Famous Children’s Books: Banned Before Entering the Classroom
There are many children’s novels that have become beloved bedtime stories, some that are now so popularly taught in the elementary classroom and others that are just famous for movies based of their plots. It’s amazing to think of how many of these tales were originally banned from publication in countries all around the world. They were considered to be of a radical or politically outspoken nature, rather than the child-friendly works they are today.
Alice’s Adventures in Wonderland by Lewis Carroll
It is most common to think of Alice in Wonderland as a children’s story that is more mystical and mythical in nature than one of a historically controversial voice. However, Alice's Adventures in Wonderland was banned in the Chinese province of Hunan in 1931 for its portrayal of animals speaking and behaving as humans. Censor General Ho Chien believed that assigning human language and action to animals was an insult to humans (rather than simply fictional), and even demoralizing to the human nature. Worried that the book would teach children to regard humans and animals on the same level, he stated the book to be "disastrous."
A Light in the Attic by Shel Silverstein
A Light in the Attic, by poet and artist Shel Silverstein, is beloved by readers young and old. Now taught to many young students it was once banned because of "suggestive illustrations." As vague as that statement may be, it fell under the category of immorality that brought so many books to controversy and legal battles as well over the years. Claims that the book glorified Satan, suicide and cannibalism, while also encouraging childhood disobedience kept the book out of the hands of children for quite a while. Those claims may seem to be excessive for a poetic children's book, but it took many years before A Light in the Attic was available in libraries and classrooms for the study of literature by worldwide youth.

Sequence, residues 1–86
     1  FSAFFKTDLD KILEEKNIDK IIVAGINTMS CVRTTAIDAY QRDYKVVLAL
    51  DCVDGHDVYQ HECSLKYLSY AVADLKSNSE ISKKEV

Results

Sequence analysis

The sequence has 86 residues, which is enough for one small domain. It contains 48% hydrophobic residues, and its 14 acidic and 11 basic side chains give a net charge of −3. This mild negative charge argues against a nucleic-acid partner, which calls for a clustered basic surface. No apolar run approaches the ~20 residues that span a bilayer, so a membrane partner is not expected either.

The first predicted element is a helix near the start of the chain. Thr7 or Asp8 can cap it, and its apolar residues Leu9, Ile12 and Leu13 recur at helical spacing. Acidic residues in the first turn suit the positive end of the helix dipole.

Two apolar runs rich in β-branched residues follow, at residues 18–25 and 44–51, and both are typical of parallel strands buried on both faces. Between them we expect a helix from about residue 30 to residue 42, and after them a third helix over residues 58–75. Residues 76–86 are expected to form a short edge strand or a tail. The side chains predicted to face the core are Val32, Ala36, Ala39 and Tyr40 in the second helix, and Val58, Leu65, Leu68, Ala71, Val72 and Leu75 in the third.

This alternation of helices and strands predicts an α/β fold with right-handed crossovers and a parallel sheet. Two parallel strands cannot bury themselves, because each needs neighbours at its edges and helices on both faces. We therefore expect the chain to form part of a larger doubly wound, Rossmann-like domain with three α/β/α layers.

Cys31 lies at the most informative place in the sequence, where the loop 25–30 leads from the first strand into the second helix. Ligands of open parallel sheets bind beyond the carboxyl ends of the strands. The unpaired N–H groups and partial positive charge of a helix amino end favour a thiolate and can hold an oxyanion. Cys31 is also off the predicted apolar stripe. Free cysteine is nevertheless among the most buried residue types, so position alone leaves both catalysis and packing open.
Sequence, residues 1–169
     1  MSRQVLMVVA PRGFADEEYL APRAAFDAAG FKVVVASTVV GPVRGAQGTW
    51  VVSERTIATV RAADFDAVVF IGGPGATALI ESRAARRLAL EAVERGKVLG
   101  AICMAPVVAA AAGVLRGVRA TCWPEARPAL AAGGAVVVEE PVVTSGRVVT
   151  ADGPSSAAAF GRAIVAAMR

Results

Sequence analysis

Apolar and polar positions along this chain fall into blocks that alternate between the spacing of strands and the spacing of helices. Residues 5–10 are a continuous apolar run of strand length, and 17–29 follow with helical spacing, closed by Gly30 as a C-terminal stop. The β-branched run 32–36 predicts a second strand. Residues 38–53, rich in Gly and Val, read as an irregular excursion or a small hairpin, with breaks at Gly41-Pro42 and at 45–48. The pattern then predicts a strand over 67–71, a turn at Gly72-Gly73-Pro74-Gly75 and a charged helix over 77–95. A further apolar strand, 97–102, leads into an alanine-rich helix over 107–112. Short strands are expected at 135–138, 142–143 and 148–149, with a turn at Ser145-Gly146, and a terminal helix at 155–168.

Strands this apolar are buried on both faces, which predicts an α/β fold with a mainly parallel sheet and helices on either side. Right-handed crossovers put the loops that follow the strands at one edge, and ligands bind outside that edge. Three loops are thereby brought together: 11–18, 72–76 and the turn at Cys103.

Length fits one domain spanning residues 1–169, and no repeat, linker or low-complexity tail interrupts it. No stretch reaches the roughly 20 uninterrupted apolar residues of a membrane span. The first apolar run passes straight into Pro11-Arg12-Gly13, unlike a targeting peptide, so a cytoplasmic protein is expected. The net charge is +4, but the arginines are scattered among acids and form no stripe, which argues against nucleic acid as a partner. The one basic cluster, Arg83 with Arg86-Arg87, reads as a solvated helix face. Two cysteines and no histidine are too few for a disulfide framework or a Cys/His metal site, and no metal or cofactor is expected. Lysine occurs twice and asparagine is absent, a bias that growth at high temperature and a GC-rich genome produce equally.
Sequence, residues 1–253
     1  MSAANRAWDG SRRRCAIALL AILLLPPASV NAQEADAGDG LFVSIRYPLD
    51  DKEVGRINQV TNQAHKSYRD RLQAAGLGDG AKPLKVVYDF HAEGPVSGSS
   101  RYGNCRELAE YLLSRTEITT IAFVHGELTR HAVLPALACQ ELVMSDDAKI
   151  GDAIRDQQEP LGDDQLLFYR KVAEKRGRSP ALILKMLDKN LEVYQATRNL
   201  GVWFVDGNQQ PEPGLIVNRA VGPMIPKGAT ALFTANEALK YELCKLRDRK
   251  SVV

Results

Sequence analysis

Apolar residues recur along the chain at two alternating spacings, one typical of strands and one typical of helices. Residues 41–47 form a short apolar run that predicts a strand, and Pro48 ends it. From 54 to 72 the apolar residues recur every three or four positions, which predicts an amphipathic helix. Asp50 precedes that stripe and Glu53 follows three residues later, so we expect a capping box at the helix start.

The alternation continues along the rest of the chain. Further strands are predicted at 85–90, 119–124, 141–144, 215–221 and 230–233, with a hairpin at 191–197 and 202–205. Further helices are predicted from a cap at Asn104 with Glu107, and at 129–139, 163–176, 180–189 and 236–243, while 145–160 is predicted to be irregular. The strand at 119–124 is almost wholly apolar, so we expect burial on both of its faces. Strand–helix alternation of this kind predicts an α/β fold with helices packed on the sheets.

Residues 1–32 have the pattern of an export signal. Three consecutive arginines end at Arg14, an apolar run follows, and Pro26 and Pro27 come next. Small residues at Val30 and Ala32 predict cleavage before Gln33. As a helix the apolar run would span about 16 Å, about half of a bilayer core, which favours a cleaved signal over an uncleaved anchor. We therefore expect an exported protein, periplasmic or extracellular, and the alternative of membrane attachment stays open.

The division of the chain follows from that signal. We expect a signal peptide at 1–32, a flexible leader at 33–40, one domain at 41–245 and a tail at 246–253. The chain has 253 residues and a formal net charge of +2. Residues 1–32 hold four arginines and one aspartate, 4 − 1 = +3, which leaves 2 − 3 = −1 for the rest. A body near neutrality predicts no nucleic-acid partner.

A Wrinkle in Time by Madeleine L’Engle
A Wrinkle in Time, by Madeleine L'Engle, is a mix of science fiction and fantasy. It's the first in a series of books, which also includes A Wind in the Door, A Swiftly Tilting Planet, and Many Waters. The award-winning book, A Wrinkle in Time, is now considered a bestselling classic, though it also stirred up a considerable amount of controversy in its early years. The book is on the Most Challenged Books of 1990-2000 book list. Challenges were made based on claims of offensive language and religiously objectionable content for references to crystal balls, demons and witches.
Lord of the Flies by William Golding
By the time that William Golding's novel Lord of the Flies was published in 1954, it had been turned down by over 20 publishers. The book, now quite famous historically, is about a group of schoolboys who create their own “civilization” of sorts. Although Lord of the Flies became a bestseller over the years, the novel has often been banned and challenged based on "excessive violence and bad language" in its content. Just like many other controversial authors and their work, William Golding received the Nobel Prize for literature and he was knighted in the United Kingdom.
James and the Giant Peach by Roald Dahl
As popular as it is for children today, Roald Dahl's noted book James and the Giant Peach has been frequently challenged and banned for its content. One key point that was battled was the abuse that James experiences in the story. There have also been claims that the book promotes alcohol and drug use, contains inappropriate language and encourages childhood disobedience or rule-breaking behavior.
The Call of the Wild by Jack London
Published by American author Jack London in 1903, The Call of the Wild tells the story of a dog who reverts to his primordial impulses in the frigid wilds of the Yukon territory during the Klondike Gold Rush in 1890s Canada. The book is now a popular work studied in American literature classrooms, sometimes read alongside American tales like Adventures of Huckleberry Finn. The novel was banned in Yugoslavia and Italy based on some general claims that it was "too radical."
With all of these, and so many other books, that were banned from library shelves, classrooms and the like, the question is raised as to what sort of literature students actually read before these were released to the public.